A runner with an mcl injury

MCL injuries are common knee injuries that most frequently occur during sports activities, especially football, basketball, skiing, and volleyball. The majority of MCL injuries can be treated nonsurgically with the broad spectrum of therapeutic options we offer at Long Island Spine Rehabilitation Medicine where one of the areas we specialize in is joint pain. 

If you are suffering from a knee injury, contact us for an accurate diagnosis, and a combination of traditional and complementary treatments that will promote and accelerate healing.

What Is an MCL Injury?

The MCL (medial collateral ligament) is the thick band of muscle tissue located on the inner side of each knee. Four to six inches long, it runs from the femur (thigh bone) to a point on the tibia (shin bone), helping to stabilize the knee, assist in its rotation, and prevent the leg from turning too far inward. 

Symptoms of an MCL Injury

Depending on the severity of the injury, symptoms of an MCL injury may vary. If you are experiencing some or all of the following, it’s time to consult with one of our highly skilled physiatrists:

  • Popping sound at the time of injury
  • Sharp pain in your knee
  • Tenderness along the inside of your knee
  • Stiffness and swelling at the site
  • Feeling that your knee will not support you if you stand
  • Feeling your knee catch or lock when you move it

MCL injuries are graded in terms of their severity:

  • Grade 1 is a minor tear that causes pain but with which you may still be able to walk
  • Grade 2 is a moderate tear that makes it difficult to walk due to knee instability
  • Grade 3 is a severe tear necessitating the use of crutches to keep weight off the injured knee

Even if you can walk on your knee after the injury, you must receive medical attention promptly to prevent further damage.

Causes of MCL Injuries

MCL injuries may occur when you:

  • Suddenly exert force to change direction while one foot is firmly on the ground (a sports maneuver known as“cutting”)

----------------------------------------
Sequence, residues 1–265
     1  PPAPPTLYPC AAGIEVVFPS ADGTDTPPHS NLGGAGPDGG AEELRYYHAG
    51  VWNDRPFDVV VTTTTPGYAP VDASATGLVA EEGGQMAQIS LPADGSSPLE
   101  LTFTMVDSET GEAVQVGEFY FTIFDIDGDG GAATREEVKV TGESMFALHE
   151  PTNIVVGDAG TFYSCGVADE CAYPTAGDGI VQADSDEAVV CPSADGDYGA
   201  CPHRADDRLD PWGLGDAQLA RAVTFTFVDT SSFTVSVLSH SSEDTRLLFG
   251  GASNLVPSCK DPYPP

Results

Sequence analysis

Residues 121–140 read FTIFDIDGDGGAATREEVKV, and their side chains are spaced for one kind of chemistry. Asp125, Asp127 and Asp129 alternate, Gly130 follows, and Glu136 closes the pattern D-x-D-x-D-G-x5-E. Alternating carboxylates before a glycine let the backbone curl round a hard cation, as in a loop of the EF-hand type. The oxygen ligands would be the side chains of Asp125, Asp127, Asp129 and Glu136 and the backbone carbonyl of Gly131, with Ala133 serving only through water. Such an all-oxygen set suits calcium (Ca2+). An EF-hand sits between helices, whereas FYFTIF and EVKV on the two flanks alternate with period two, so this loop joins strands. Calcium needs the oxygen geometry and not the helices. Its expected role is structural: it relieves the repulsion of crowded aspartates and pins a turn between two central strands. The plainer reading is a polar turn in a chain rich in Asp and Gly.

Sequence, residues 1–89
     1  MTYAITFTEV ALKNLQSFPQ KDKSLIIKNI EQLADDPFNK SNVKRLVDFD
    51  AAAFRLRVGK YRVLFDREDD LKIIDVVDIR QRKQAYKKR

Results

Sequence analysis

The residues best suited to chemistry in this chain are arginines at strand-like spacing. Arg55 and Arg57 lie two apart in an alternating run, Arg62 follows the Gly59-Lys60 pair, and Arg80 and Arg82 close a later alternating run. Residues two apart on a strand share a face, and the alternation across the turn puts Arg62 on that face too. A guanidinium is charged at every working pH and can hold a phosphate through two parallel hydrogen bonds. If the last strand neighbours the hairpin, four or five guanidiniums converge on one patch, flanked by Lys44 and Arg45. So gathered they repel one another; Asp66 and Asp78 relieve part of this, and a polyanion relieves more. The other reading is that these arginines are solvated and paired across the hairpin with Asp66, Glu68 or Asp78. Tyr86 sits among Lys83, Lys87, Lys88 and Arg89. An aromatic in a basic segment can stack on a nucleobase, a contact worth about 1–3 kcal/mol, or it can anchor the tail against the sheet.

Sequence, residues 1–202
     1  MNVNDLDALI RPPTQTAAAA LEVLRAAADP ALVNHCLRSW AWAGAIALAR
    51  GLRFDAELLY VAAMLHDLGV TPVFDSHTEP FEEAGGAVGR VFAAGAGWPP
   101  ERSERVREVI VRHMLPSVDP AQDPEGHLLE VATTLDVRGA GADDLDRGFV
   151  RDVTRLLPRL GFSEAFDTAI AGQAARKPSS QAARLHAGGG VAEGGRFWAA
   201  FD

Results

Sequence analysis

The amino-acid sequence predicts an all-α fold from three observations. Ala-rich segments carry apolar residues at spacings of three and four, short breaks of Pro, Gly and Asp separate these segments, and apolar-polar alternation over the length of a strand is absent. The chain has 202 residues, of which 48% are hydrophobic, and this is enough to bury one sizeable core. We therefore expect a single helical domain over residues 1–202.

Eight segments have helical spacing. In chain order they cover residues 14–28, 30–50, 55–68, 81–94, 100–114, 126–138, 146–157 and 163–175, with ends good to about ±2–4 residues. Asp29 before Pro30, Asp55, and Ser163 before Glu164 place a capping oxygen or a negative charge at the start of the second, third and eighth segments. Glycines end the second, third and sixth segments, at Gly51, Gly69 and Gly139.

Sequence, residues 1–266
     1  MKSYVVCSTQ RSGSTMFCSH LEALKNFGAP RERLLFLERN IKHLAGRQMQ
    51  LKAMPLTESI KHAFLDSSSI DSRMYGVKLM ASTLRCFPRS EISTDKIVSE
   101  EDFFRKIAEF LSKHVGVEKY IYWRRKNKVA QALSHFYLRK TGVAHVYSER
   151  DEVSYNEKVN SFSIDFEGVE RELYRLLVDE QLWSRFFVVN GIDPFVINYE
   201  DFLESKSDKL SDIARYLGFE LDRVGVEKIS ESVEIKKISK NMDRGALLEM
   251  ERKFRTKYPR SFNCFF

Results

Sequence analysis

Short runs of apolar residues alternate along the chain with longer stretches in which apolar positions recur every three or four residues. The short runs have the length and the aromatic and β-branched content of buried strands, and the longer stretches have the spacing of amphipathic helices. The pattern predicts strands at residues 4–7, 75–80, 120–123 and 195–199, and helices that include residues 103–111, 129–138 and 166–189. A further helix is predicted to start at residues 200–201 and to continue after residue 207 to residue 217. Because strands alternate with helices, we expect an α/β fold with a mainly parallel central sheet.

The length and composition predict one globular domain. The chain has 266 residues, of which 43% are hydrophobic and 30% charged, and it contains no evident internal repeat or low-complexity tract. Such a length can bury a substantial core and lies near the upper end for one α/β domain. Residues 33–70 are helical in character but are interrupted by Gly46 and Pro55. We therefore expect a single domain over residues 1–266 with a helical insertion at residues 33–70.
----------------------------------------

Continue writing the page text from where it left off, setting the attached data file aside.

• Are hit on the outer side of your knee, as during a football tackle
  • Squat or lift heavy objects
  • Land awkwardly on your knee after a jump
  • Extend your knee beyond its normal limits (hyperextension) while skiing
  • Repeatedly put pressure on your knee, stretching the MCL and wearing out its elasticity

No matter how the accident occurred, you can count on our doctors to relieve your pain and get you back in the game as quickly as possible. You should be aware that MCL injuries generally take about 6 weeks to fully heal.

Diagnosis

Our doctors can usually diagnose an MCL injury by physical examination alone. By bending and putting pressure on your knee, they can determine whether your knee is loose due to the torn ligament. Nonetheless, we will administer imaging tests to make certain that their diagnosis is correct and to determine the extent of the tear. Depending on the specifics of your case, we may administer one or more of the following imaging tests:

  • X-rays to rule out broken bones
  • MRI scan to view the MCL tear and assess any other soft tissue injuries
  • Ultrasound to evaluate how severe the tear is and whether there are any other problems in the region since it is not uncommon to have more than one injury in the area

Treatment

Fortunately, the medial collateral ligament has a good blood supply. This enables your knee to respond well to the holistic treatments we provide. First and foremost, we must immobilize your knee and take steps to reduce pain and inflammation. All of the following will be helpful:

  • Tried and true home remedies, known as RICE, include [1] resting [2] applying ice at regular intervals to reduce swelling and inflammation [3] applying compression by wearing an elastic bandage around your knee to prevent your knee from turning side to side and [4] elevating the affected leg to lessen swelling by enabling fluid to drain away from the area. 
  • Pain relievers, most often NSAIDS (non-steroidal anti-inflammatory medications) are also very helpful in alleviating pain and swelling in the knee.
  • Crutches greatly restrict the amount of weight you put on the affected knee 
  • Physical therapy to strengthen the muscles surrounding the knee and improve your knee’s range of motion. Also, exercises strengthen your thighs and core muscles.
  • Platelet-Rich Plasma (PRP) injections to speed healing 
  • Corticosteroid/analgesic injections to relieve pain and inflammation at the site
  • PEMF (Pulsed Electromagnetic Field) technology to increase blood flow to your damaged cells 
  • Acupuncture to relieve pain and reduce inflammation
  • Viscosupplementation (injections of hyaluronic acid) to lubricate the knee joint

Some of these therapies are not available at all medical practices. That’s because our physiatrists are open to using both traditional and complementary treatment methods to achieve our therapeutic goals. We are always open to safe, effective treatment protocols that will help our patients heal more quickly. 

Contact Our Experienced Physiatrists Today About Your MCL Injury

Allowing MCL injuries to remain untreated can result in greater damage. Don’t take chances with your strength and mobility. Get in touch with one of our five Long Island offices for pain relief and optimal healing. Contact us now so we can create a treatment plan customized just for you.